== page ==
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To top the usual on foot action off we have some vehicle based sections. These can be great fun, not too taxing, and really break up the game nicely. Possibly the best Star Wars based space shooter since Rogue Squadron/Tie Fighter.

All of this is presented in an immaculate 3d Lego world. As ever these games look the part but the amount of sheen and polish on these levels is admirable – they’ve done anything but phone them in. The detailed thought that’s gone into what to create and how to create it using the Lego resources never fails to impress.

Matching the sterling efforts in the looks and animation department, the soundtrack is great with all your favourites on show and some great incidental music too. There’s also a fully voiced script with the cast of the movie returning to lend their talents – how many games can boast VO by Harrison Ford?

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Final Thoughts

Lego Star Wars: The Force Awakens is a great game. No two ways about it. Far from a money grab or a cheap cash-in this is a solid romp through the movie and the backstory of some of your favourite characters. It offers great longevity, solid co-op play and fun for all the family to get in on.

That said, and it’s a shame to knock what is actually a solid and fun game, there is still little to no real progress for the series. Looking back as a whole across the past 10 years of TT Lego titles yes, you seen evolution, yet we’re still really waiting for a revolution. To penalise something for being consistently great seems counterintuitive, yet you can’t help but start to loose interest despite the compelling construction of the game. It does have hereditary niggles like the platforming can be fiddly, split screen can sometimes go haywire and there seems like obvious padding in some levels.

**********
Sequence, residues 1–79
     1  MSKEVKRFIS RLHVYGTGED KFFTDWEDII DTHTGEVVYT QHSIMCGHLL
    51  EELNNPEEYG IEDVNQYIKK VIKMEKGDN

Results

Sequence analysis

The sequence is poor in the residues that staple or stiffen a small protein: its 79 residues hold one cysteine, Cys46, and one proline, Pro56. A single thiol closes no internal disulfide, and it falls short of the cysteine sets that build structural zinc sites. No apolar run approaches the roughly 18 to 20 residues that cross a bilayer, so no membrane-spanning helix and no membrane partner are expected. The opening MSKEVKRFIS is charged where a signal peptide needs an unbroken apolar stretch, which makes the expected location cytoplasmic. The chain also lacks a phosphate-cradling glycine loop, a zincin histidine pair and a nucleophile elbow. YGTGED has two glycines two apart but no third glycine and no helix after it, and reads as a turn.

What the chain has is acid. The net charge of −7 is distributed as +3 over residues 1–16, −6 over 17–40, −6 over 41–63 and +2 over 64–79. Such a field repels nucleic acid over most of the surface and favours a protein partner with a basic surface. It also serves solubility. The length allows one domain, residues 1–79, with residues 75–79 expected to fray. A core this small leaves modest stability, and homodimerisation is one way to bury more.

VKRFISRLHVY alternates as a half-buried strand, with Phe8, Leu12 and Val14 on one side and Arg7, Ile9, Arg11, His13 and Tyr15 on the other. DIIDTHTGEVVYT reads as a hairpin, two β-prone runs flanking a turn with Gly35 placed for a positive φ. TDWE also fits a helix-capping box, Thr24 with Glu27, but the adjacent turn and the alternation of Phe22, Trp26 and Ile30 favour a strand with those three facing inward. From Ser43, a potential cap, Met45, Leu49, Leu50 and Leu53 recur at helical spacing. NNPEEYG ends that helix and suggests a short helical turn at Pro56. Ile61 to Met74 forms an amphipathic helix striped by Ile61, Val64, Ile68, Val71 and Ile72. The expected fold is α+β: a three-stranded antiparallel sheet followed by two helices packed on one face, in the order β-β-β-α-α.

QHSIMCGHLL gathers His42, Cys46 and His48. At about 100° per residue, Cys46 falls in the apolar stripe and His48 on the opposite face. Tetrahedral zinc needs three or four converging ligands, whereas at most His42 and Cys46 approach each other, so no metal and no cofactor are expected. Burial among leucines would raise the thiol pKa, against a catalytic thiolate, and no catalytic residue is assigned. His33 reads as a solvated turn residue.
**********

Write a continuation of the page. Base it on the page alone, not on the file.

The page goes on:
Bottom line is, Lego Star Wars: The Force Awakens is a solid and enjoyable game for everyone to enjoy, doubly-so for Star Wars fans. It does just enough to engage the long-term players of this franchise but doesn’t push anything forward.

The product under review was provided by the creator, manufacturer, publisher or their PR representative free of charge and without caveat. Please see our site review policy for more information.

 

Family Fiends Findings?

  • Rated 7 by PEGI and 10+ Everyone by the ESRB
  • Comic violence (brick characters explode in to pieces etc) and mischief and some mild peril
  • ESRB highlights the word “Hell” being used once.
  • Personal view is the PEGI rating is more on point and most children will find this content no worse than a Saturday morning cartoon

Zeth

 
Zeth is our EU ninja and Editor in Chief. He's been writing about video games since 2008 when he started on BrutalGamer. He's pretty old and has been a gamer since he played Space Invaders as a young boy in the 80's. His genre tastes lean towards platformers, point-and-click adventure, action-adventure and shooters but he'll turn his hand to anything.